Google.org unveils deforestation monitor

Satellite imagery data processor unveiled at climate summit in Copenhagen could provide means to curbing detrimental deforestation.

Google.org demonstrated a new platform on Thursday that, if implemented in conjunction with a proposed United Nations program, could provide a significant tool to combat climate change.

Its new "high-performance satellite imagery-processing engine" can process terabytes of information on thousands of Google servers while giving access to the results online.

The platform, which was demonstrated on Thursday at the International Climate Change Conference in Copenhagen, would allow anyone using the tool to monitor whether or not trees were being chopped down in a given forest. It analyzes satellite images to show forest changes over a given time period.

Google.org's test platform of the software shows new deforestation in red, new degradation in orange, old deforestation in yellow, and intact forest in green for the time period between August 17 and September 15. Google.org

The platform could be used as a tool for countries to conform to REDD (Reducing Emissions from Deforestation and Forest Degradation in Developing Countries), a program proposed by the United Nations.

If REDD is implemented, it would require member nations to monitor the state of their forests and land use. It would offer money in exchange for those nations preventing people from cutting down forests deemed significant to curbing emissions. The aim of the program is to essentially make the trees worth more alive than loggers could make from chopping them down or than farmers could make from converting forestland into farmland.

The benefit of the program is based on the recommendations of several reports, most notably the "Stern Review on the Economics of Climate Change" report conducted by the U.K. government.

The Stern Review report's analysis on land use change (PDF) found that keeping forests intact is one of the most cost-effective ways to quickly cut annual world carbon emissions. The reticence in implementing REDD has been over how the program would be administered, and how forests would be accurately monitored in developing nations where technological resources are limited.

"We hope this technology will help stop the destruction of the world's rapidly-disappearing forests. Emissions from tropical deforestation are comparable to the emissions of all of the European Union, and are greater than those of all cars, trucks, planes, ships, and trains worldwide," Google.org said on its blog.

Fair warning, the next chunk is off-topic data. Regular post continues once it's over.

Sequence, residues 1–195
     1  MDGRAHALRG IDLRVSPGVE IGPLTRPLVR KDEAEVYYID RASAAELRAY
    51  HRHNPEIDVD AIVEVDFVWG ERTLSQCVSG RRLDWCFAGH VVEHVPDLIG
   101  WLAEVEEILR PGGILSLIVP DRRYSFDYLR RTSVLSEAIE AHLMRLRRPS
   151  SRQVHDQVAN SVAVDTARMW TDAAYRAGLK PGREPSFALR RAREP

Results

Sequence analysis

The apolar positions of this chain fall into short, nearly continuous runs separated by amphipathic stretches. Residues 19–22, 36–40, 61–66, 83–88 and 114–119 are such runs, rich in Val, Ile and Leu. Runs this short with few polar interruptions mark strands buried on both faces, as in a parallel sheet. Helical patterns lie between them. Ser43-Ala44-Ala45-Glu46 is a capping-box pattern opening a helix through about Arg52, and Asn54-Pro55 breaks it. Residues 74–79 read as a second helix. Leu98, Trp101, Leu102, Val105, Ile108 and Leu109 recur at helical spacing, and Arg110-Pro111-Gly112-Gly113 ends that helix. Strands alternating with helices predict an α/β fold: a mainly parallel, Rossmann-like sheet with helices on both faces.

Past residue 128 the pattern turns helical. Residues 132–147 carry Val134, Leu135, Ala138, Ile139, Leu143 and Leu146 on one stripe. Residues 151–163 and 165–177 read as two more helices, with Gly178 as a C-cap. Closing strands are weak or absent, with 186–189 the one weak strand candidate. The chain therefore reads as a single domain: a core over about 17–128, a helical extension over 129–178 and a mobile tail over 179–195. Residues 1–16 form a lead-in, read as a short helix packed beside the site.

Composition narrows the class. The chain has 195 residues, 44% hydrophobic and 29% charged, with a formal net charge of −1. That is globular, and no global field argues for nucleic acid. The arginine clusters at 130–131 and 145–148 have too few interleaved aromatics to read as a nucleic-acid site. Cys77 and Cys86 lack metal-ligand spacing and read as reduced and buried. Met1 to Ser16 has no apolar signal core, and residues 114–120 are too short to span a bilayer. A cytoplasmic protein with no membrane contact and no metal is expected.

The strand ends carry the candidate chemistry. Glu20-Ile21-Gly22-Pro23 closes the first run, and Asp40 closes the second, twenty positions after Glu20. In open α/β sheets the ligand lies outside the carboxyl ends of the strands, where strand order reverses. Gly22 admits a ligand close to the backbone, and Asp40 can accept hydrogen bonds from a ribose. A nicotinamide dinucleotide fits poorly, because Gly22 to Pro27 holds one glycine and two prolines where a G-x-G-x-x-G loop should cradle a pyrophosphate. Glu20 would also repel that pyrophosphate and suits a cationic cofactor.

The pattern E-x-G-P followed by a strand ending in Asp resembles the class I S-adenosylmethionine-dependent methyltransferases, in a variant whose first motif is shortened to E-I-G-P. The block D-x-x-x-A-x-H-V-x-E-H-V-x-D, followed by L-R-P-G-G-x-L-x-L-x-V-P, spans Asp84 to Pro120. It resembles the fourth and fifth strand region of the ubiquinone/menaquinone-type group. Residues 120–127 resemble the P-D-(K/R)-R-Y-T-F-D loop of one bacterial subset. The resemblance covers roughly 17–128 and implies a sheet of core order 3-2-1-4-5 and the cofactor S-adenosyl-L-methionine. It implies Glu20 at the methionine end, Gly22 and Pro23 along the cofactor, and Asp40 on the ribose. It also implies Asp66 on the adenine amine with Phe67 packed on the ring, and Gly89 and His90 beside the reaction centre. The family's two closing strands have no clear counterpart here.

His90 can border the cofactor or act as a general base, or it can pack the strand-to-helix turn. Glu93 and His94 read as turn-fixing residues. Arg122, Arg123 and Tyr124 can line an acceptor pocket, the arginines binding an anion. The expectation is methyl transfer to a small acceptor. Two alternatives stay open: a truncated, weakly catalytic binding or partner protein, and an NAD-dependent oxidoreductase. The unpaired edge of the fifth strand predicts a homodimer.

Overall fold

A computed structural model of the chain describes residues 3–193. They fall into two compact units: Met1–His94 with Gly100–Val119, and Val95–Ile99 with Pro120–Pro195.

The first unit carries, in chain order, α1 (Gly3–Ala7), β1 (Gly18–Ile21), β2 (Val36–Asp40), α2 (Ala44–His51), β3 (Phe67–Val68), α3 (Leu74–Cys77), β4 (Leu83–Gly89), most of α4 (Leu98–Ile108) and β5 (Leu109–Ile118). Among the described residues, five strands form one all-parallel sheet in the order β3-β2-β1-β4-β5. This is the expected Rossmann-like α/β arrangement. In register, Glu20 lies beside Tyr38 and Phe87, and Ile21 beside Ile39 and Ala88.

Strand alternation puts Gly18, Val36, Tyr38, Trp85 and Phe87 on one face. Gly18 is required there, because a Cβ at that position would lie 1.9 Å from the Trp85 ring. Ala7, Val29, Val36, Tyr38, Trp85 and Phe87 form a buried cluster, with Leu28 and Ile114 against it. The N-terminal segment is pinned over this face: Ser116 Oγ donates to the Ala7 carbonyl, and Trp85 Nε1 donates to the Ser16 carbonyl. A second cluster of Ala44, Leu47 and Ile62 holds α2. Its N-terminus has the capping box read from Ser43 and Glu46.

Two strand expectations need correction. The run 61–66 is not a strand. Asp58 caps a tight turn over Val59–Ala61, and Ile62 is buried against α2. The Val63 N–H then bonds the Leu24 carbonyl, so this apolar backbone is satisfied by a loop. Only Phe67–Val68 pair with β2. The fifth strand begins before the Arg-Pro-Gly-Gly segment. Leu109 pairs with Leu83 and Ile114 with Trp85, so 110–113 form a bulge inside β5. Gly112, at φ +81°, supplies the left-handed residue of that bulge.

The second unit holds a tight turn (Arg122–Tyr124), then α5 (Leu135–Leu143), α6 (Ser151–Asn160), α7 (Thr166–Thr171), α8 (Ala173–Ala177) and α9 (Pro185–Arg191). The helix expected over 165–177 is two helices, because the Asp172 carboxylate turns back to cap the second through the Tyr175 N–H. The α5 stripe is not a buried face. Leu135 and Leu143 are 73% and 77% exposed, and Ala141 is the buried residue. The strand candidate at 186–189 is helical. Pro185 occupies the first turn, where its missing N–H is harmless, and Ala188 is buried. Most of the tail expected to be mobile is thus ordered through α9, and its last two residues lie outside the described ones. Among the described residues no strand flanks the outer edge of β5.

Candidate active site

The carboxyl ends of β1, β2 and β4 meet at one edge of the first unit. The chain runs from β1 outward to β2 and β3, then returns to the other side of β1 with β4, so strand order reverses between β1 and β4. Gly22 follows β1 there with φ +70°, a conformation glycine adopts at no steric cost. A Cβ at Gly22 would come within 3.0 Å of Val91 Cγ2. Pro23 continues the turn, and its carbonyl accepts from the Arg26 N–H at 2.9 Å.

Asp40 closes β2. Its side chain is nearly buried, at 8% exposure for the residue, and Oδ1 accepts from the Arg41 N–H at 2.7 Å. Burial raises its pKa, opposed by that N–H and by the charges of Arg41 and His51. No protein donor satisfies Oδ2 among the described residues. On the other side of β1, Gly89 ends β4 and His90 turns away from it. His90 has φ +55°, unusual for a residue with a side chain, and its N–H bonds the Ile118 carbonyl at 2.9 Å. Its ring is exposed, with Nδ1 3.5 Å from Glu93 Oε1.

Currently, the program is in a testing phase with plans from Google.org to "make it more broadly available over the next year." The organization also said it's willing to provide the platform as a "not-for-profit service," an indication that the satellite imagery may not be freely available to the general public, but restricted to scientists, governments, or environmental monitoring agencies.

Google Earth has been providing satellite imagery of forests over time, but an accurate way to quickly and sufficiently analyze the incoming raw satellite imagery data was not readily available, according to Google.org. This new platform provides that missing analysis, the group said.

The platform was developed in conjunction with Greg Asner, professor of the Department of Global Ecology at the Carnegie Institution for Science and of the Department of Geological and Environmental Sciences at Stanford University; and Carlos Souza, a geologist at Imazon, the Amazon Institute for the People and Environment.

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About the author

In a software-driven world, it's easy to forget about the nuts and bolts. Whether it's cars, robots, personal gadgetry or industrial machines, Candace Lombardi examines the moving parts that keep our world rotating. A journalist who divides her time between the United States and the United Kingdom, Lombardi has written about technology for the sites of The New York Times, CNET, USA Today, MSN, ZDNet, Silicon.com, and GameSpot. She is a member of the CNET Blog Network and is not a current employee of CNET.

 

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